The HALs are currently below levels of detection. In fact, the PFOA and PFOS health advisory levels announced by EPA are not achievable by current drinking water analytical methods 537.1 and 533.
Frank J. Johns, chief engineer for Stanley Consultants, said with the health advisories being so low utilities will look for multi-pass systems for additional treatment to reach the detection levels.
“Many cities may consider expanding their existing PFAS treatment systems to include additional or multi-pass processes to meet more stringent PFAS criteria or add these additional treatment steps or technologies to any of their PFAS projects in design,” he said.
Communications are Vital
While the levels announced cannot be enforced, utility and engineering experts note the public will not see it the same way. Because the health advisory levels are below the 4 ppt detection limit, this means every utility is likely to test for and find PFAS at levels the EPA has now deemed will impact human health, according to the new HALs.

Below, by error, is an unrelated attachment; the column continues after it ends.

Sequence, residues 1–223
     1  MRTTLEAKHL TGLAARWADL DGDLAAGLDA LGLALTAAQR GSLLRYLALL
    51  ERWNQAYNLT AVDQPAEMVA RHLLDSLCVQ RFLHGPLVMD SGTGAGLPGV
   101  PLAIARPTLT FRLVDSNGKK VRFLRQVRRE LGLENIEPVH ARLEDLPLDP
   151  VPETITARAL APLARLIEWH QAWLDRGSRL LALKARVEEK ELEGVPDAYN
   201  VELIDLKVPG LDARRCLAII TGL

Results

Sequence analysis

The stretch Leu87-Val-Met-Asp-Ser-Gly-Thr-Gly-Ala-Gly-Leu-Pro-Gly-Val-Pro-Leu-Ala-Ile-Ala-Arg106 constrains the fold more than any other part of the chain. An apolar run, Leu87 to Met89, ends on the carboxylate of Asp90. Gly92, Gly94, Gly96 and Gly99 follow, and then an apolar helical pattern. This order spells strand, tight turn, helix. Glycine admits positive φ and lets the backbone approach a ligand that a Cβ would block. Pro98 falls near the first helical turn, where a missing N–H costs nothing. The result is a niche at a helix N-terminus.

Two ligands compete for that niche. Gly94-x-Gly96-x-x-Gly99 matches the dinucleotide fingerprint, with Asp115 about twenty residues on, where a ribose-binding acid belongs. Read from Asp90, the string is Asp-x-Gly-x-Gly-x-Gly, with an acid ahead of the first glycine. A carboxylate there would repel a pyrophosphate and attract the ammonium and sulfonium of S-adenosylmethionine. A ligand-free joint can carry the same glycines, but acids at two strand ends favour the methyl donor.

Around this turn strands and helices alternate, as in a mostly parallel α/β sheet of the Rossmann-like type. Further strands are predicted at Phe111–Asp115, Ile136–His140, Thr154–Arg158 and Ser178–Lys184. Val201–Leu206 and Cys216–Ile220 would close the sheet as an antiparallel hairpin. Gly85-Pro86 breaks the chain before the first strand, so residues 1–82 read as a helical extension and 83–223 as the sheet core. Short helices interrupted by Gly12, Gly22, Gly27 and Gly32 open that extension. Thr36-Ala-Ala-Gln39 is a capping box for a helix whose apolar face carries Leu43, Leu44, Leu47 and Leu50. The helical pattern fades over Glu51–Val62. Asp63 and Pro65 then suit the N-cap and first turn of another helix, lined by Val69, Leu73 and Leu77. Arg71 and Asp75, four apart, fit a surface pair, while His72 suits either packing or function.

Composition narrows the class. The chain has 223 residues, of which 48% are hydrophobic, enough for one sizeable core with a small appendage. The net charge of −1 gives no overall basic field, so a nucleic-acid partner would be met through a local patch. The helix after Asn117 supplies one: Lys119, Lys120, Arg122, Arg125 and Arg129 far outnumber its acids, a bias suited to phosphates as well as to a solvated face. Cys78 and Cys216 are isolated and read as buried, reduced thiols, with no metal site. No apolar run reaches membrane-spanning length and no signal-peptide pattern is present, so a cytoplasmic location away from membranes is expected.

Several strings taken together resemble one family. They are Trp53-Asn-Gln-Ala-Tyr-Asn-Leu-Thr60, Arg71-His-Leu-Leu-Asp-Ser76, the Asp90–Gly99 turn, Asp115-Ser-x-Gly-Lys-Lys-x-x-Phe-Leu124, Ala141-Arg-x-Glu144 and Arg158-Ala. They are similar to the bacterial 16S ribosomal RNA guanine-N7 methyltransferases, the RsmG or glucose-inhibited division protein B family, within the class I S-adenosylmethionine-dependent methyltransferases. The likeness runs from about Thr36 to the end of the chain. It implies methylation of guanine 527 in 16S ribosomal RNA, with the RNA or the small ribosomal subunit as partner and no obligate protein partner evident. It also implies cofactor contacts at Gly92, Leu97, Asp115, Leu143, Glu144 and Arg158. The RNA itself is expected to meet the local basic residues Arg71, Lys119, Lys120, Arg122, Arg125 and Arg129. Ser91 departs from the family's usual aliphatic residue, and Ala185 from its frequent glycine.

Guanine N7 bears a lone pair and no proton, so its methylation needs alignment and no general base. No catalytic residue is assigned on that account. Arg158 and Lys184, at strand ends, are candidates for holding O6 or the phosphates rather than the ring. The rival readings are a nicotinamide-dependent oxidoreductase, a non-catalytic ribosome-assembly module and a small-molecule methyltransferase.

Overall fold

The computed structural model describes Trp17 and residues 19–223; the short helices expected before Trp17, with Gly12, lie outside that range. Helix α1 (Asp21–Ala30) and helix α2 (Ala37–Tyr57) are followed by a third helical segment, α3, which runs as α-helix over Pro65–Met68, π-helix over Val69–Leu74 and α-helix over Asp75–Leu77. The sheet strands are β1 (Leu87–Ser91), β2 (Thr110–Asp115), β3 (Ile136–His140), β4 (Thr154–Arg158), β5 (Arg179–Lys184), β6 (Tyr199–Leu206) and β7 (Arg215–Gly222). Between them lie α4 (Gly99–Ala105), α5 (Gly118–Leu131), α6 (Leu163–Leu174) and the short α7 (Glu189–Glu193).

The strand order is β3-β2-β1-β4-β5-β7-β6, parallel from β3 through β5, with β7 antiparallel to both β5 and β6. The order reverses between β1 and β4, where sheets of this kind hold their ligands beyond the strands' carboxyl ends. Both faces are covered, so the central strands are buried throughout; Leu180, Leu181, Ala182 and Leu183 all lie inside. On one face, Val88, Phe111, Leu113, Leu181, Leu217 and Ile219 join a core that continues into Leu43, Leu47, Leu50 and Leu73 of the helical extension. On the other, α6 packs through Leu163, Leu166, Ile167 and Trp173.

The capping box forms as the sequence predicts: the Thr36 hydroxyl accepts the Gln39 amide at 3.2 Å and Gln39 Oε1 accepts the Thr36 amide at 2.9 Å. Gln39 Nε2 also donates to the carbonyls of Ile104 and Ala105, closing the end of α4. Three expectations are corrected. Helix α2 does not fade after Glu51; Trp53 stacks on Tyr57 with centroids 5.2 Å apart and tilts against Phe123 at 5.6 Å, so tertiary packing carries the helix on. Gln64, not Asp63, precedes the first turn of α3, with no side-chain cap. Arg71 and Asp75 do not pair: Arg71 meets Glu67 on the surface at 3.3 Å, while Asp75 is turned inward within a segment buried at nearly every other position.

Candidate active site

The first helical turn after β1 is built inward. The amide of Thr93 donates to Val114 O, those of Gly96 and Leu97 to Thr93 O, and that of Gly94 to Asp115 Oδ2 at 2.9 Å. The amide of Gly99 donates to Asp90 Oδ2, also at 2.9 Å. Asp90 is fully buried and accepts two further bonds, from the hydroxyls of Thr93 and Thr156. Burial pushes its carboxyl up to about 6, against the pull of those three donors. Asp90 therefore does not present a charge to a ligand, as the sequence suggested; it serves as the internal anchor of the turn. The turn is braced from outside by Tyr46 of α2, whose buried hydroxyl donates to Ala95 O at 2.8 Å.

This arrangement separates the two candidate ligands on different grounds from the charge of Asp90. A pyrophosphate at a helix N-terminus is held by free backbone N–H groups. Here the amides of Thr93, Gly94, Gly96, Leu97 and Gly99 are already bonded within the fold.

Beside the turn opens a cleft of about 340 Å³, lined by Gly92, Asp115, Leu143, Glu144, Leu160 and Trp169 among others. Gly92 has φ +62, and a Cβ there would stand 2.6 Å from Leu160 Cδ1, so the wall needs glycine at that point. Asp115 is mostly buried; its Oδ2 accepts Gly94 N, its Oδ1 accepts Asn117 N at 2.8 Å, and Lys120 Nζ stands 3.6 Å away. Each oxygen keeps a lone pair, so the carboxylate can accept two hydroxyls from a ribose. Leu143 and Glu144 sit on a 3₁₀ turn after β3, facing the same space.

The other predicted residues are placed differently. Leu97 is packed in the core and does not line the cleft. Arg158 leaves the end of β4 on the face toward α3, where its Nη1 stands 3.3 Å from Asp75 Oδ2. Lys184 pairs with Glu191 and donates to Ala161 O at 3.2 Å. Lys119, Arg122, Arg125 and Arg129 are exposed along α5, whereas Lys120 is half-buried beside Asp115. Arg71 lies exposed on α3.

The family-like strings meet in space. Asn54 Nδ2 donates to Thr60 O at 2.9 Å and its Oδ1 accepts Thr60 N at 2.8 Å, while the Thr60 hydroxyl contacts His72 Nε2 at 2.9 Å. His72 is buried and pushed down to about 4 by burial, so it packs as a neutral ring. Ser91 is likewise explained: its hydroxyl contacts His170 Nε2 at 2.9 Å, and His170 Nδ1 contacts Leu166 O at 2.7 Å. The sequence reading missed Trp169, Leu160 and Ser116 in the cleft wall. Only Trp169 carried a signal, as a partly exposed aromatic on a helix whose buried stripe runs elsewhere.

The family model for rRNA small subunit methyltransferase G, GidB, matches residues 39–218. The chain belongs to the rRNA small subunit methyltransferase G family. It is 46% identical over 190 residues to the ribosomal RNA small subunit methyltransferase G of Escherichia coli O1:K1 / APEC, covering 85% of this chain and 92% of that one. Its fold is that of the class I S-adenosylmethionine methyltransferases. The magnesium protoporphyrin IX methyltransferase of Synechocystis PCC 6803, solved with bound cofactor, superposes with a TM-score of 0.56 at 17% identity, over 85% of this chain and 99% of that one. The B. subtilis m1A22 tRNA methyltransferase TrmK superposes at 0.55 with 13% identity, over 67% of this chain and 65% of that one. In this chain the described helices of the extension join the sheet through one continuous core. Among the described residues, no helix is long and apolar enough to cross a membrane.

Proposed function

In the WEF panel discussion June 17, Barns & Thornburg Partner Jeff Longsworth said this creates confusion. How, he asked, can utilities instill confidence in their customers that their water is safe when they report below EPA’s recommended 4 ppt detection level but above the new 0.004 ppt health advisory level? This was also noted by Churman.
“As these very low values are less than most laboratory detection limits, it is not yet immediately clear as to how site owners or operators will even be able to determine whether or not there are issues that require management,” Churman said.
Tamara House-Knight, emerging contaminants technical team leader for GHD, said communication and education are vital as utilities field questions about their water systems considering these HALs.
“What will be important in the short-term, is effective stakeholder engagement and communication of the actual risks, to members of the public or community who may now be alerted by the Interim updated Health Advisories,” House-Knight said.
Mike McGill, president of WaterPIO a communications consulting company for water utilities, said he is advising his clients to be “active and forceful.”